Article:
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Feature Story
reed magazine logoSpring 2008

The improving admission picture at Reed certainly looks good, especially in the higher education world, where admission selectivity is seen as a crucial marker of quality and prestige.

But is it “Reed-good”?

For most of its history, Reed’s position on admission was that the college didn’t want or need to be selective. The argument went like this: students who apply understand Reed’s distinctive character, and by applying, they essentially self-select to become Reedies. The “sink-or-swim” approach to academic work of many professors reinforced that attitude: if you could make it through the intellectual gauntlet, all the better; if you couldn’t, you probably weren’t cut out for Reed anyway.

As a result, the college barely bothered to do any marketing. When a prospective student inquired for more information, the admission office mailed them a course catalog and nothing else.

In the early 1980s, Reed was receiving fewer than 1,000 applications for approximately 300 spots in the incoming class; one year, more than 90 percent of applicants were accepted. The college was even less selective earlier in its history, although reliable statistics are not available. “There were a few years when we were accepting students we didn’t want to accept,” says Barbara Amen, who served as associate dean of admission from 1980 until the mid-1990s and now directs Reed’s Master of Liberal Studies (MALS) program.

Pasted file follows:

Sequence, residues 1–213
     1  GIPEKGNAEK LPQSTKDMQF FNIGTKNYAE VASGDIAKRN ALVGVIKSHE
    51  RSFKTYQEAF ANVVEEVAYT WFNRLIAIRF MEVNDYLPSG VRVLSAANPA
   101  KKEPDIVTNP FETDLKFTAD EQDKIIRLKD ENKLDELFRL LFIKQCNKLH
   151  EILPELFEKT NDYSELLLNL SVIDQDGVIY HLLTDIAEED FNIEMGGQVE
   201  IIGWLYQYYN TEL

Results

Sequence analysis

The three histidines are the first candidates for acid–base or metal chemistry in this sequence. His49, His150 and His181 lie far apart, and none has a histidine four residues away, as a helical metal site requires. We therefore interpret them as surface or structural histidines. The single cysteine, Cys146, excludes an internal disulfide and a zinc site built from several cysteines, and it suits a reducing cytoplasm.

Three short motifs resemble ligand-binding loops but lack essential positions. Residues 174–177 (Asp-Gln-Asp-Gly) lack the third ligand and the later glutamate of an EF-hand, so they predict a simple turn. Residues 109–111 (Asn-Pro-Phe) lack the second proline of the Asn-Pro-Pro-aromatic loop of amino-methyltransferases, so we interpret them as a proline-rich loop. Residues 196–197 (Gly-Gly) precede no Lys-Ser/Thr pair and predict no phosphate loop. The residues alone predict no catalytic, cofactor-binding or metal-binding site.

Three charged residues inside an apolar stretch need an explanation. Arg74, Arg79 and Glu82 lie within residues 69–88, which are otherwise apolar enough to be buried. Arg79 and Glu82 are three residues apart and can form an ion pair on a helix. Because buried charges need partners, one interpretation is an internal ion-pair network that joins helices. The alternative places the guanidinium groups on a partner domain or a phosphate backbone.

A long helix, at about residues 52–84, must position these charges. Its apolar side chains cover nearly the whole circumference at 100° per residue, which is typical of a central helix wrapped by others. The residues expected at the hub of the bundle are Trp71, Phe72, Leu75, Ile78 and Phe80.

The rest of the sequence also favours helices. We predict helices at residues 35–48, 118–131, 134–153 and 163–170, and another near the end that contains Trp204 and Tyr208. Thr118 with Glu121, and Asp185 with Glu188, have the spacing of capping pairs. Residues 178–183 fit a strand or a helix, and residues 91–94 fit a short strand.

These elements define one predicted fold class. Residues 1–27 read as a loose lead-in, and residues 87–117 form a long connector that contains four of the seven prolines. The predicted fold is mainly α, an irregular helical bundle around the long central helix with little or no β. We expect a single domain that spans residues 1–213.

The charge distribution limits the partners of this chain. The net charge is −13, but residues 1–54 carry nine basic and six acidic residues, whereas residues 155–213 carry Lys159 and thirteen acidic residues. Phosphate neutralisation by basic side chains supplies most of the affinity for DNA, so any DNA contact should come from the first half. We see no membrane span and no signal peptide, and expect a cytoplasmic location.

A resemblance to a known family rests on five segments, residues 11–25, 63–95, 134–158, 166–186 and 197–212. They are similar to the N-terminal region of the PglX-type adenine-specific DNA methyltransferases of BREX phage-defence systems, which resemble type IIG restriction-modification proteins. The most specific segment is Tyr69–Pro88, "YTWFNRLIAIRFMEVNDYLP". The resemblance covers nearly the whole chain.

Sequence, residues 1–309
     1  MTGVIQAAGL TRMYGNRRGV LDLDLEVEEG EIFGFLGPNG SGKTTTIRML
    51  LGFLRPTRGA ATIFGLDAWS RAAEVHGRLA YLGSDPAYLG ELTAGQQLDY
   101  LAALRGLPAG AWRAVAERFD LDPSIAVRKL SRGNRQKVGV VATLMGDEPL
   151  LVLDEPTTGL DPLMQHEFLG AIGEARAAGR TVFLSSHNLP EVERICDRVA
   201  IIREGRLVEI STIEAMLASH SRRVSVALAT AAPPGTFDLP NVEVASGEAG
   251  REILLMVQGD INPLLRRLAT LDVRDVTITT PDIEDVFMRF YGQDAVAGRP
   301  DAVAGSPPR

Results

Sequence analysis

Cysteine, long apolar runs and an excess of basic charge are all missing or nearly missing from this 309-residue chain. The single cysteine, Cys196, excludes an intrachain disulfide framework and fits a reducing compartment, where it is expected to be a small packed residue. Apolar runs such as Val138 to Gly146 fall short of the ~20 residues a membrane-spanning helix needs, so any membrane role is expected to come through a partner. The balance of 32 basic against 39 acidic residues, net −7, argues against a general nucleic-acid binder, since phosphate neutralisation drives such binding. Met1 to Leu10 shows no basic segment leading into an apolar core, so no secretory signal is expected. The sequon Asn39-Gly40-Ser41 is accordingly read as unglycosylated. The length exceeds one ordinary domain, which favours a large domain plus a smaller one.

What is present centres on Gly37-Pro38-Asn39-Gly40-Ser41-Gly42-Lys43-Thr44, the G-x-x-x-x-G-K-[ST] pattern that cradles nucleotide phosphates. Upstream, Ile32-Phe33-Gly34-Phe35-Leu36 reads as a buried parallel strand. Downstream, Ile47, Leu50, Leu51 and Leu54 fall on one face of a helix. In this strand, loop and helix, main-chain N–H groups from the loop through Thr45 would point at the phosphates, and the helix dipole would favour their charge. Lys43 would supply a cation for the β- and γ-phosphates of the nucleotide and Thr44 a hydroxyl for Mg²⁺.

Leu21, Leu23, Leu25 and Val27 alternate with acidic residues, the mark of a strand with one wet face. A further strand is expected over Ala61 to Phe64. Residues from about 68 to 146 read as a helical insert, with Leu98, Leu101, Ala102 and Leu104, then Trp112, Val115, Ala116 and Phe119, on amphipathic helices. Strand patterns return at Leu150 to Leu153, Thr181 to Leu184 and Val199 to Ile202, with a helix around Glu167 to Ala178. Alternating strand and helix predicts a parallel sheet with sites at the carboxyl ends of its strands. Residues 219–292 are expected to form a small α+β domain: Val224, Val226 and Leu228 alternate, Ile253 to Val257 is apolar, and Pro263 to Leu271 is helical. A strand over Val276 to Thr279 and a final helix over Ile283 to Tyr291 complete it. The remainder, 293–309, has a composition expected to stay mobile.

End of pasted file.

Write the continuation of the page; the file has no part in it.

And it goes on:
Amen concedes that many of the marginal students the college used to admit ended up dropping out or transferring. But she points out that some of those riskier students flourished despite the odds, helping to make Reed special. “Yes, we took in students of maybe average ability on paper,” she says, “but they had a certain intellectual curiosity and motivation. They were inspired by this place. And they no doubt developed in ways even they may not have anticipated.” Amen recalls one applicant whom she argued strongly against admitting. She was overruled. Four years later, she sat in on the student’s thesis defense. “I was humbled,” she says. “He did a great job at Reed and went on to get a Ph.D.”

Reed’s brave new admission world is viewed warily by some alumni, who worry out loud that too many students with high potential are being overlooked with the emphasis on traditional measures of achievement.

“What’s concerning,” says Konrad Alt ’81, a banking consultant and president of the Reed alumni board, “is that the college is becoming increasingly selective based on standardized criteria like SATs. There used to be a sense that the college took more chances on people outside of the mainstream, which sometimes turned out extraordinarily well, and sometimes didn’t. Now we seem to be going the same way as everybody else, and something may be getting lost.”

reed magazine logoSpring 2008